|And then I got way too excited and literally safety pinned it to my body|
Then the dress was ready to put back together. Though I approached the very first cuts of the dress as if I were to diffuse a bomb, the dress didn't explode and I had no regrets about my decision to shorten it.
Once the dress was back in one piece, I began the long, long process of changing my mind every other day regarding the length of the dress, the gathering in the front, the sleeves, pretty much everything. As it turns out, I am the worst client ever.
When I cut the skirt down to make it high-low, the waistline became much too big around to have the smooth effect of my mother's dress. My first instinct was to gather it evenly all the way around.
|Not quite perfect, but ok for now|
|A matter of an inch makes a huge difference|
The sleeves were a constant struggle. I had become obsessed with the idea of a dropped sleeve, but I seemed to be the only person who thought it was a good idea. This was a lesson in making the client happy, because even though I couldn't get anyone to agree with me in the beginning, I was ultimately happier because it was what I wanted.
|With? Without? Higher? Lower?|
Then the subject of my skirt came up again. It was decided that the gathering was too much, so I decided to do a few large pleats on either side in the back. It smoothed out the front, and added a really beautiful line to the back.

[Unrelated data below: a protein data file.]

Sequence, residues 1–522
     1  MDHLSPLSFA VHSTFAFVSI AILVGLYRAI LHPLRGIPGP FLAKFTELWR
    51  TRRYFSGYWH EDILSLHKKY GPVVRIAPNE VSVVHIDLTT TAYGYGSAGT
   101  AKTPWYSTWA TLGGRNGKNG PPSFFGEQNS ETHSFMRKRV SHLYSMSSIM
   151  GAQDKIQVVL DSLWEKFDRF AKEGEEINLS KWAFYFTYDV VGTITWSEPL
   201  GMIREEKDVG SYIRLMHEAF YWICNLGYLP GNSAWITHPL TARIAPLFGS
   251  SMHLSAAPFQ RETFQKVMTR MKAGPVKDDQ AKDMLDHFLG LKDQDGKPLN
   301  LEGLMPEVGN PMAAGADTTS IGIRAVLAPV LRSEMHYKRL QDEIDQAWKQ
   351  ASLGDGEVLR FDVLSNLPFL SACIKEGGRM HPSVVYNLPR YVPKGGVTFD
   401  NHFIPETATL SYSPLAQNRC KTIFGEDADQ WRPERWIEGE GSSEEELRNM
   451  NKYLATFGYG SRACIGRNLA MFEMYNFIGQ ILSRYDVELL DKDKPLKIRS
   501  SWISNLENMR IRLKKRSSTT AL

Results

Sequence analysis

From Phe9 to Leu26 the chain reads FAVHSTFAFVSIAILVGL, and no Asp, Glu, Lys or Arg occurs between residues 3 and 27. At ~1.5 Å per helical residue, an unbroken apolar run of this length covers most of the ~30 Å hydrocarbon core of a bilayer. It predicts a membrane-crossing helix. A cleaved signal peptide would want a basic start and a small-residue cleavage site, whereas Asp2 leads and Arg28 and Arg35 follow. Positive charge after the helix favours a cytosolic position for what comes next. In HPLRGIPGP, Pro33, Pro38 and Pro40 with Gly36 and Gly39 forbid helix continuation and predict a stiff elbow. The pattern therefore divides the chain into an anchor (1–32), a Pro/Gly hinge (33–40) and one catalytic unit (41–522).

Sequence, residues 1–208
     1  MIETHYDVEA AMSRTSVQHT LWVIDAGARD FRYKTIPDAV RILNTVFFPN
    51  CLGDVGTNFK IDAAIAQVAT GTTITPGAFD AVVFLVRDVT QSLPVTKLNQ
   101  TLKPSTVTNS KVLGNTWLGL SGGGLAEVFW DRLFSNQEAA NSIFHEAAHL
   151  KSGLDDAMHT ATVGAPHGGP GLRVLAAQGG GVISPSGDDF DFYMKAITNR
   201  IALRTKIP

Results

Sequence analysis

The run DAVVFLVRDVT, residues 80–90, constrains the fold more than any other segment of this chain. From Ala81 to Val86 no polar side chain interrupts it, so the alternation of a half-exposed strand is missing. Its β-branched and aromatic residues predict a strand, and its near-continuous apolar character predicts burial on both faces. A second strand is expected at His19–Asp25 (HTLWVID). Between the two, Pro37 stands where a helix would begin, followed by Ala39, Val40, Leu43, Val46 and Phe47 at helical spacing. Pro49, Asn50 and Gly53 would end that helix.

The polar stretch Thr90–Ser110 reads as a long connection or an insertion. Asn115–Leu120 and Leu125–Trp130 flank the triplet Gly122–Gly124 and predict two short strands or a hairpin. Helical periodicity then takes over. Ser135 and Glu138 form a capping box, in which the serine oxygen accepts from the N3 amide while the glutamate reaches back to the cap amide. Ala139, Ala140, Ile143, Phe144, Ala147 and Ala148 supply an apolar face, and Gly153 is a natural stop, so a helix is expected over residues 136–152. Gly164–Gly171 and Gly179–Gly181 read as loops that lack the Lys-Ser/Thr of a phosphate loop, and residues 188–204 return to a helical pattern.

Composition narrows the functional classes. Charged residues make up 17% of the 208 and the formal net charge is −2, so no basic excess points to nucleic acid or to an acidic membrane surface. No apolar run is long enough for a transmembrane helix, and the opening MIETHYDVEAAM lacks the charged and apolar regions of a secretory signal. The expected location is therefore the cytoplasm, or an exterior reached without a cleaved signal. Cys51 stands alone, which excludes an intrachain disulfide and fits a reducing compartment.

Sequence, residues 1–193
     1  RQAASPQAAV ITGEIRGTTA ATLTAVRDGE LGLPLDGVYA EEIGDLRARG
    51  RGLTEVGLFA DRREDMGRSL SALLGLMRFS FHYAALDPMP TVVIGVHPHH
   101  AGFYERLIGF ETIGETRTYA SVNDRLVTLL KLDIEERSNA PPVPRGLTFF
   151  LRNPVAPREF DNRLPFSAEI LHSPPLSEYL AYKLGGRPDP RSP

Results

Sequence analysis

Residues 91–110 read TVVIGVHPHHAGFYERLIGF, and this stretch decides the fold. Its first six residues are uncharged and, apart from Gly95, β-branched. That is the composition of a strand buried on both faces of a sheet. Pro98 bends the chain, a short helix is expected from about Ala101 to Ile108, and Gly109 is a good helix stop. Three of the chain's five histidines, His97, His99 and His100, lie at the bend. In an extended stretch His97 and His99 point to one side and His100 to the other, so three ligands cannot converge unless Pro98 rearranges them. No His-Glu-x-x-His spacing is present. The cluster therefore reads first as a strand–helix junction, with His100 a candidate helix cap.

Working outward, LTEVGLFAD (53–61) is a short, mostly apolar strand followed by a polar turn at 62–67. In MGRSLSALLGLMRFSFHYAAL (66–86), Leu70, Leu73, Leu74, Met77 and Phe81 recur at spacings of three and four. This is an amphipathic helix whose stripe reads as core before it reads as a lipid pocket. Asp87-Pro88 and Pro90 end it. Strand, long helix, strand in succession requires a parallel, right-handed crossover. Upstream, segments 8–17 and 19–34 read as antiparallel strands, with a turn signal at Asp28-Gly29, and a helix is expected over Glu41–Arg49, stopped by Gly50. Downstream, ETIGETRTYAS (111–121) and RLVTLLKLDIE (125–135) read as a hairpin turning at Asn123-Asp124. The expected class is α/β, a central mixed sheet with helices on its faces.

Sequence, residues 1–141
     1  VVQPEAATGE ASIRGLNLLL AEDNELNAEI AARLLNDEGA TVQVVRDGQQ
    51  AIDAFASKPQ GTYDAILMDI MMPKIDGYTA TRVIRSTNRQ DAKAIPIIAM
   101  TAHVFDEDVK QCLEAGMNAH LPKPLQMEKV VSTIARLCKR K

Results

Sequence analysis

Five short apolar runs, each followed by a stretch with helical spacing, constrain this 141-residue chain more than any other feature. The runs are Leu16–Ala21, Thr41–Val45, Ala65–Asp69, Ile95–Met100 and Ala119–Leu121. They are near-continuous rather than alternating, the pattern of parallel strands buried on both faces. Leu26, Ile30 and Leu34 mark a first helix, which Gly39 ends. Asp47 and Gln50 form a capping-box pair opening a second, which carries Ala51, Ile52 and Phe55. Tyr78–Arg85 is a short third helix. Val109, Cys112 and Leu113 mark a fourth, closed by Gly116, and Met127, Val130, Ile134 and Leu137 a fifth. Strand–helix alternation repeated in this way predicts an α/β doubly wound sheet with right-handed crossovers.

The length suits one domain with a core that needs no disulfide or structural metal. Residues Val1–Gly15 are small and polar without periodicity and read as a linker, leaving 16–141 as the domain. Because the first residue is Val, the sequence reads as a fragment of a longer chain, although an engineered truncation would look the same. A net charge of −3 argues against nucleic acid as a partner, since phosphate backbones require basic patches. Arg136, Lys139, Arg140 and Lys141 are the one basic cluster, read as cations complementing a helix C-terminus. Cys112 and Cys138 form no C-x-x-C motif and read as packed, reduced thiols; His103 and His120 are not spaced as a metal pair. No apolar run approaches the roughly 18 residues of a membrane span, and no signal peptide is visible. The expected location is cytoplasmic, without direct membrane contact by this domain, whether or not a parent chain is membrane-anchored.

And then I was done!!!
Just kidding. I changed my mind about sixteen more times after that. See in the above picture how the lace is all curled?
Some background: throughout this whole process of updating our wedding gowns together, Meghan and I would periodically hold up our half-finished dresses and say, "I really REALLY don't want to do this, but would it look better if I did?" And the other would almost always have to say, "Yes, I'm sorry, I am so sorry, but it would look better if you did that thing that is going to take five to ten hours of hand stitching/seam ripping/taking apart and putting back together." It was the exact gentle encouragement each of us needed to not let our stitcher selves convince our bride selves that we really didn't need to do the extra work. It is so much easier when the client is someone else!